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without attempting to discuss the various points upon which controversies have arisen.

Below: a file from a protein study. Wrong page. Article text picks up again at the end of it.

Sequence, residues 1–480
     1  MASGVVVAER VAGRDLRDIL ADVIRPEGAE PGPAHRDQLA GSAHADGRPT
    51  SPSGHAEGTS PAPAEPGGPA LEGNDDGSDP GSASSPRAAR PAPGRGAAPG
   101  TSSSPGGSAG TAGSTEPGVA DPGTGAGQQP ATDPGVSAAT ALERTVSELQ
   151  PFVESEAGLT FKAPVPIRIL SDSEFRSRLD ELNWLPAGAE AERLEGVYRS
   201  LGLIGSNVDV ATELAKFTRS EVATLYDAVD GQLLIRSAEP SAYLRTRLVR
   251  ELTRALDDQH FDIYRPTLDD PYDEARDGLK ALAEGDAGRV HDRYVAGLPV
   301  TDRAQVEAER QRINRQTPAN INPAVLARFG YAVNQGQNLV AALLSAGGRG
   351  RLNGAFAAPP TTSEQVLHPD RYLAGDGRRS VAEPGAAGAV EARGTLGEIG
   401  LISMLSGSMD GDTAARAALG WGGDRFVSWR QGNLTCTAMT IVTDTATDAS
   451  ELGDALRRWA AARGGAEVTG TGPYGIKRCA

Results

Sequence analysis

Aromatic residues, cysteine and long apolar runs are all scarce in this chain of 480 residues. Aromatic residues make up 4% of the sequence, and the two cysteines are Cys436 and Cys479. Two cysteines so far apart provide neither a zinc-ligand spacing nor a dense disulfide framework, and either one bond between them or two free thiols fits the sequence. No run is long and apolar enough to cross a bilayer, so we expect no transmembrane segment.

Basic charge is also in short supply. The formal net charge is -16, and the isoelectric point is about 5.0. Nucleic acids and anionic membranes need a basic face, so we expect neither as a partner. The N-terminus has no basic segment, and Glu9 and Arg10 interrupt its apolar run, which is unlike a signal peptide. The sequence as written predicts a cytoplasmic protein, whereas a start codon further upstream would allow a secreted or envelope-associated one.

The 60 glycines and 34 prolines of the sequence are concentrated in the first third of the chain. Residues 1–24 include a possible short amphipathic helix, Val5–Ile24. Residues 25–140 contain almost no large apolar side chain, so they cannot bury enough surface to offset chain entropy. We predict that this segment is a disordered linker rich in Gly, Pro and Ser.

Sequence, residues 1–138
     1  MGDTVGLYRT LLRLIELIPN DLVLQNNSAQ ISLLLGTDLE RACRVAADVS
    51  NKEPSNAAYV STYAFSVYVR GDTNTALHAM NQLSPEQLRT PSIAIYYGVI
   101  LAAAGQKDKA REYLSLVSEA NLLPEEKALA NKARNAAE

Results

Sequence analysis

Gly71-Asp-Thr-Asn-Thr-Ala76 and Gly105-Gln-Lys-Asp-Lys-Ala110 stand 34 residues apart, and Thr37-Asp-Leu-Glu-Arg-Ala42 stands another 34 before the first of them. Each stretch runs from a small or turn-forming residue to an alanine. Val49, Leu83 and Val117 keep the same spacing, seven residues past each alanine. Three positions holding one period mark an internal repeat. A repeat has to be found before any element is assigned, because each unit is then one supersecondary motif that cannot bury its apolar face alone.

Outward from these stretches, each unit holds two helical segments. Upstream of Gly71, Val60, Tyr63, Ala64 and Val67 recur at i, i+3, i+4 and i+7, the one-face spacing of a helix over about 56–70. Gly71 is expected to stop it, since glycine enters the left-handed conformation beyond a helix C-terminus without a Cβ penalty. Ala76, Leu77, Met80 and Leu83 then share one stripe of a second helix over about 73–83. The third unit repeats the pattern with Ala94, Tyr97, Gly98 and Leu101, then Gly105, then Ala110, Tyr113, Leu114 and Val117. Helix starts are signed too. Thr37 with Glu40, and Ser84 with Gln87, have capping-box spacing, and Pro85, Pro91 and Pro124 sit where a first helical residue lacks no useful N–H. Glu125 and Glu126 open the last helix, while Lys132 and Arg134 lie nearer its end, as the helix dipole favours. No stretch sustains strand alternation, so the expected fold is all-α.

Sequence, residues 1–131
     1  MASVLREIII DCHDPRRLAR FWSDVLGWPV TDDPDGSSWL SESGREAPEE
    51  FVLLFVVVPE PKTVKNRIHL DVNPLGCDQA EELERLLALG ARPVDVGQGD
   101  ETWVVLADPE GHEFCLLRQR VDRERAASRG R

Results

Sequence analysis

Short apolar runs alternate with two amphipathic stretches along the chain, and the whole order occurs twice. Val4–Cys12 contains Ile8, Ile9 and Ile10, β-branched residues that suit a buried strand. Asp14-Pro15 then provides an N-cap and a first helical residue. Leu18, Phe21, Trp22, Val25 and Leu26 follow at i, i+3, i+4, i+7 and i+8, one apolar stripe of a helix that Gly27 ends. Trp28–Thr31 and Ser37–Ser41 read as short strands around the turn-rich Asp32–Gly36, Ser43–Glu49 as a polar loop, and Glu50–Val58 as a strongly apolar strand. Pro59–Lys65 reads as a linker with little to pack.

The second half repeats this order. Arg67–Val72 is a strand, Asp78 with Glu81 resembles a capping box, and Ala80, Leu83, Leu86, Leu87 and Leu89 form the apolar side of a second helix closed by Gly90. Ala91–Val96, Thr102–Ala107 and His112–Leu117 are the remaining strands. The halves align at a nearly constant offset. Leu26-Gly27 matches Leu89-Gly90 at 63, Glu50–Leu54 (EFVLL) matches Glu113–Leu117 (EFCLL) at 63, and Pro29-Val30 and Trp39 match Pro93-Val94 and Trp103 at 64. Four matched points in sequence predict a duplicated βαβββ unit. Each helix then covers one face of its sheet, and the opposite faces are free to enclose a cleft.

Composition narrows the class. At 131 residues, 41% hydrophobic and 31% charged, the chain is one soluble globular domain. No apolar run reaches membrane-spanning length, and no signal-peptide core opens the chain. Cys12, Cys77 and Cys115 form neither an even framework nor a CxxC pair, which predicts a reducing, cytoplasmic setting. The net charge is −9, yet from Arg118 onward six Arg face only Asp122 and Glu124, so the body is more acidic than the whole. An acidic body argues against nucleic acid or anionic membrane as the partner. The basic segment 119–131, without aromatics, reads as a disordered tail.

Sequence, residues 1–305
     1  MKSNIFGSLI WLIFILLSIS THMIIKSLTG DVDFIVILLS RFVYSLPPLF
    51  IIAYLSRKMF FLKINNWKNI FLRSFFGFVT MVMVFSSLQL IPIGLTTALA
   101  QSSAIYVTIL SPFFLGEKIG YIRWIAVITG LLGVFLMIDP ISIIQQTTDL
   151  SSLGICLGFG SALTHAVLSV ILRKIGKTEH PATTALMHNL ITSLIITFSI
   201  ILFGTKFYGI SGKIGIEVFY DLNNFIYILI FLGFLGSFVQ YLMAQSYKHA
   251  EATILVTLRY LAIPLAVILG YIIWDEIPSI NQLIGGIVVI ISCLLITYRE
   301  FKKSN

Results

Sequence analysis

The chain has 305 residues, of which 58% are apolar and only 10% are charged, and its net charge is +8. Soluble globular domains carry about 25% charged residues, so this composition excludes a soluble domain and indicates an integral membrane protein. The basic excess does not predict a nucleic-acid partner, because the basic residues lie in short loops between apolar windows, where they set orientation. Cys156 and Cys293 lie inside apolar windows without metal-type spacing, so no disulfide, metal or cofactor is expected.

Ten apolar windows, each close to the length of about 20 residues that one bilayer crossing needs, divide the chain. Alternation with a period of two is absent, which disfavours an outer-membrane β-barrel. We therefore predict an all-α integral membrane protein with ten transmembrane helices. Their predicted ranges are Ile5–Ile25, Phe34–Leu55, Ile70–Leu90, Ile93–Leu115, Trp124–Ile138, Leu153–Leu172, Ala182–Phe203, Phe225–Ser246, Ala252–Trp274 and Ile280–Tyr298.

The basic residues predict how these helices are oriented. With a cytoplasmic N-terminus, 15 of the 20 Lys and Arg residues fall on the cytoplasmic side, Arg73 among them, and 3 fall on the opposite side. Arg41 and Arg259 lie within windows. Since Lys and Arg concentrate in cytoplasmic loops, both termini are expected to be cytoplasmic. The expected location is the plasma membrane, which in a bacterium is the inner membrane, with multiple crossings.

Among the writings of modern scholars we ought to notice specially the dialogues " De Mi­litia Romana" by the learned and indefatigable Lipsius, in which the text of Polybius (vi. 19, 42), and a chapter in Livy (viii. 8) serve as a foundation for a great superstructure of illustration and supplementary matter; nor must we forget the " Poliorcetica " of the same author, which may be regarded as a continuation of the preceding. The posthumous dissertation of Salmasius " De Re mi-litari Romanorum," which displays the deep read­ing, mixed up with not a little of the rashness, of that celebrated critic, is well worthy of perusal, and will be found in the " Corpus Antiquitatum Romanamm" of Graevius, vol. x. p. 1284. The same volume includes the admirable commentary of Schelius on Hyginus, his notes on Polybius, together with essays on various topics connected with Roman warfare by Boeclerus, Robertdlm, Erycius Puteanus, M. A. Causeus (De la Chausse), Pefrus Ramus, &c. A most elaborate series of papers by M. Le Beau is printed in the twenty-fifth and several succeeding volumes of the " Me'-moires de 1'Academie des Inscriptions et Belles Lettres ;" and although we are far from acquiescing in all the conclusions at which he arrives, it is im­possible to deny that in so far as facts are con­cerned, he has almost exhausted every topic on which he has entered, and we cannot but lament that he should not have completed the design which he originally sketched out. We may consult with profit Folard^s " Commentaire," at­tached to the French translation of Polybius, by the Benedictine Vincent Thuillier, 6 torn. 4to, Amst. 1729 ; Guischard, " Memoires Militaires sur les Grecs et les Remains," 2 torn. 4to, La Haye, 1757, and " Memoires Critiques et His-toriques sur Plusieurs Ponts et Antiquites Mili­taires," 4 torn. 4to, Berlin et Paris, 1775 ; Vaudoncourt, " Histoire des Campagnes d'Han-nibal en Italic," 3 torn. 4to, Paris, 1812 ; Roy, " Military Antiquities of the Romans in Britain," fol. Lond. 1793 ; Nast, " Romische Kriegsalter-thiimer," 8vo, Halle, 1782 ; Lolir, " Ueber die Tactik und das Kriegswesen der Griechen und Romer," 8vo. Kempt. 1825 ; Lehner, " De Re-publica Romana sive ex Polybii Megalop. sexta Historia Excerpta," 8vo. Salzb. 1823.